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Effective targeted gene ‘knockdown’ in zebrafish


The sequencing of the zebrafish genome should be completed by the end of 2002. Direct assignment of function on the basis of this information would be facilitated by the development of a rapid, targeted ‘knockdown’ technology in this model vertebrate. We show here that antisense, morpholino-modified oligonucleotides1 (morpholinos) are effective and specific translational inhibitors in zebrafish. We generated phenocopies of mutations of the genes no tail (ref. 2), chordin (ref. 3), one-eyed-pinhead (ref. 4), nacre (ref. 5) and sparse (ref. 6), removing gene function from maternal through post-segmentation and organogenesis developmental stages. We blocked expression from a ubiquitous green fluorescent protein (GFP) transgene, showing that, unlike tissue-restricted limitations found with RNA-based interference in the nematode7, all zebrafish cells readily respond to this technique. We also developed also morpholino-based zebrafish models of human disease. Morpholinos targeted to the uroporphyrinogen decarboxylase gene8 result in embryos with hepatoerythropoietic porphyria. We also used morpholinos for the determination of new gene functions. We showed that embryos with reduced sonic hedgehog (ref. 9) signalling and reduced tiggy-winkle hedgehog (ref. 10) function exhibit partial cyclopia and other specific midline abnormalities, providing a zebrafish genetic model for the common human disorder holoprosencephaly. Conserved vertebrate processes and diseases are now amenable to a systematic, in vivo, reverse-genetic paradigm using zebrafish embryos.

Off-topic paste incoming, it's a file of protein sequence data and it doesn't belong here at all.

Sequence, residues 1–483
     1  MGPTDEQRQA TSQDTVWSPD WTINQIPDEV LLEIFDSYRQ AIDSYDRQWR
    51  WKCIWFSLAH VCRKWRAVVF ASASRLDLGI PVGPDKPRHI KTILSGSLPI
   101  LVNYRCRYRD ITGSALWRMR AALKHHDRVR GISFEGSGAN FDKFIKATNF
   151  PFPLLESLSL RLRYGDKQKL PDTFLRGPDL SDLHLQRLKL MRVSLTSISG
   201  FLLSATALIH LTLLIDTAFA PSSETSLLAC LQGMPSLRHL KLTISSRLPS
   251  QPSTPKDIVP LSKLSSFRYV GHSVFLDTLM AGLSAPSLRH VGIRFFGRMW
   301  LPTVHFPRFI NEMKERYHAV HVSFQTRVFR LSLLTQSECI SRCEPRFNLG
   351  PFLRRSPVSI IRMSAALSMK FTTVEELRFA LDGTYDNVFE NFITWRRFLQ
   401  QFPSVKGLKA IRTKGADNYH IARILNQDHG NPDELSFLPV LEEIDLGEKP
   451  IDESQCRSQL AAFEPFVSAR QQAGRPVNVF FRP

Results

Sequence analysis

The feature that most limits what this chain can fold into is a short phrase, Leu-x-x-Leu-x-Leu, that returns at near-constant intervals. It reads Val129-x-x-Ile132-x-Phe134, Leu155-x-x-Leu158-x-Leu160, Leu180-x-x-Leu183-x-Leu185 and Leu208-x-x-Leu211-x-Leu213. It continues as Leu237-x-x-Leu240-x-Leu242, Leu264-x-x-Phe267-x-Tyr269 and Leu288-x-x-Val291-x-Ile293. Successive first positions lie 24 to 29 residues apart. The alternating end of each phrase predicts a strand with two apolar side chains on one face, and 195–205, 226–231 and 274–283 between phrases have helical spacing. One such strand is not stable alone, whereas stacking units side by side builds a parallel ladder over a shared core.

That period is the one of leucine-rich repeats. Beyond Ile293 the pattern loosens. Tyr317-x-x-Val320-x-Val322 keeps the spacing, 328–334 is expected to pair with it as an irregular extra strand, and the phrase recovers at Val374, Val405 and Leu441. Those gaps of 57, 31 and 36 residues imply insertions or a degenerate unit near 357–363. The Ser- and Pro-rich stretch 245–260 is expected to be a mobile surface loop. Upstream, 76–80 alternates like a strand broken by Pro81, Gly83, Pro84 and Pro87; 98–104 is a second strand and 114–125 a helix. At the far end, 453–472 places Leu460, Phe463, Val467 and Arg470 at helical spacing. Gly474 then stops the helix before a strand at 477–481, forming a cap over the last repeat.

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Figure 1: Effective delivery and ubiquitous gene inhibition by injected morpholinos (MO).
Figure 2: Zygotic and maternal gene targeting by antisense morpholinos.
Figure 3: Post-somitogenesis embryonic targeting by antisense morpholinos in zebrafish.
Figure 4: The zebrafish as an effective model for the role of sonic hedgehog signalling in HPE.


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We thank S. Bingham, A. Chandrasekhar and M. Mieda for communication of results before publication; D. Mohn and P. Hackett for the E-line strain; A. Davidson, K. Finley and K. Markley for homozygous E-line fish; M. Halpern for the oep template DNA; A. Davidson, A. Kattan, K. Finley and C. Saunders for independently corroborating this method; P. Ingham for the ptc probe; S. Schulte-Merker for anti-Ntl antibody; J. Larson for technical support; M. Kofron, J. Heasman, J. Summerton and P. Morcos for sharing ideas on the possible uses of morpholinos as antisense inhibitors; and the zebrafish community for their suggestions and encouragement.

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Correspondence to Stephen C. Ekker.

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Nasevicius, A., Ekker, S. Effective targeted gene ‘knockdown’ in zebrafish. Nat Genet 26, 216–220 (2000).

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